An Oregon teachers union has asked the legislature to remove a red warning on ballot envelopes that serves to remind citizens about votes that impacts their taxes.
Oregon state law requires all ballot questions that could raise taxes to bear the following warning on the envelope: CONTAINS VOTE ON PROPOSED TAX INCREASE. The warning must be “boldly printed in red.” This stipulation was itself the product of a ballot measure, approved by voters in 1997.
But the Oregon Education Association wants the red ink provision jettisoned. A union spokesperson convinced the legislature to examine the issue, according to The Oregonian.
If voters know that a bill contains language that would raise taxes, they are more likely to take action against it. The union’s hostility to the warning is therefore political, said conservative activist Bill Sizemore.
“They do not want voters to know there is a tax vote on the ballot because they know if they open it up and look at it, they’re more likely to vote no,” he said in a statement.
Jason Williams, executive director of the Taxpayer Association of Oregon, called the warning a “common courtesy” to taxpayers that their government is “about to knock the daylights out of you with a tax increase.”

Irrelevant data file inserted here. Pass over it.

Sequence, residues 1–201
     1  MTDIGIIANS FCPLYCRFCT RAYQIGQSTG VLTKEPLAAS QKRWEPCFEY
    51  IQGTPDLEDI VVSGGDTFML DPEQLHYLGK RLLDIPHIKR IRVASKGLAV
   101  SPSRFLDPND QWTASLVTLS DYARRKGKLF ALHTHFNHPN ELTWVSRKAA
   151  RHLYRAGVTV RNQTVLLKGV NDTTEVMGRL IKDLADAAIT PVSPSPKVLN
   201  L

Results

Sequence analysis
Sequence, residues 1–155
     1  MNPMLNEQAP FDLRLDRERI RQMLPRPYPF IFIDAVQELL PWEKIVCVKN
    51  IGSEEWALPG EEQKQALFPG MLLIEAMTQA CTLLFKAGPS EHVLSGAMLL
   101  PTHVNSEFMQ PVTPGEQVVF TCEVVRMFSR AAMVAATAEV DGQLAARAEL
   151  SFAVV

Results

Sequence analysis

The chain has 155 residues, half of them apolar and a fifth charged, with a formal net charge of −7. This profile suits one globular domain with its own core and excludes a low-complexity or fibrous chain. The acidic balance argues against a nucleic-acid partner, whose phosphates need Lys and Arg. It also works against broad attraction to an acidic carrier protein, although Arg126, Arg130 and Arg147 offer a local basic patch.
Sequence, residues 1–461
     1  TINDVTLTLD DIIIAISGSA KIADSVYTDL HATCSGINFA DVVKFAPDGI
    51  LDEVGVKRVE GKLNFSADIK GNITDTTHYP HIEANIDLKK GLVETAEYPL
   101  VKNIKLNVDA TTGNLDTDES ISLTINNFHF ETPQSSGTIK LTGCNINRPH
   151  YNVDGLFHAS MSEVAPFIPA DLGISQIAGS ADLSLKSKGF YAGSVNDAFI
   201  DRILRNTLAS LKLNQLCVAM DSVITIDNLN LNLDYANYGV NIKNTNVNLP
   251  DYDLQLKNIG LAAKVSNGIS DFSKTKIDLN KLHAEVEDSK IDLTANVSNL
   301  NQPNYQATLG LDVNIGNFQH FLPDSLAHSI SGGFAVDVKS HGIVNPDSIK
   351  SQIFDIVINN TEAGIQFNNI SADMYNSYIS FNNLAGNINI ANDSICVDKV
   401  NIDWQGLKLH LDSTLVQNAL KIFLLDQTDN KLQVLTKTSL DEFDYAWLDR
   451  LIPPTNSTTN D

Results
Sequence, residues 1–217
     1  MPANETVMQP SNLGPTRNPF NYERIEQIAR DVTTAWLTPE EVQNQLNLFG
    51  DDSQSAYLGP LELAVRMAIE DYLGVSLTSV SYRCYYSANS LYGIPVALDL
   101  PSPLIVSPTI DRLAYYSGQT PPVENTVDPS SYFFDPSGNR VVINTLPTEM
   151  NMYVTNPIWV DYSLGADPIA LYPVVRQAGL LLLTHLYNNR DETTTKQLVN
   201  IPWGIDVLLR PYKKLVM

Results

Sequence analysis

Oregon voters will soon weigh important questions about reforming the state’s public employee pension system. An editorial in The Oregonian charged the OEA with trying to tip the scales in its favor by abolishing the warning about tax increases before the vote happens.
“Lawmakers are gearing up for some difficult votes on reforming the PERS pension system for public employees, and Democrats may be looking for some small, affordable ways to make unions happy,” wrote The Oregonian editorial board. “The envelope bill would qualify.”
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